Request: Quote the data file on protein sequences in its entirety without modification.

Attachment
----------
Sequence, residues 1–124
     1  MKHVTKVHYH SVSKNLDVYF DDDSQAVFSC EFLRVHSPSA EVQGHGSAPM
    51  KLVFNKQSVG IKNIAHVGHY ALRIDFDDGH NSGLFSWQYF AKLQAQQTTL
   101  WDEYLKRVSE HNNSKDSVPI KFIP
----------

Sequence, residues 1–124
     1  MKHVTKVHYH SVSKNLDVYF DDDSQAVFSC EFLRVHSPSA EVQGHGSAPM
    51  KLVFNKQSVG IKNIAHVGHY ALRIDFDDGH NSGLFSWQYF AKLQAQQTTL
   101  WDEYLKRVSE HNNSKDSVPI KFIP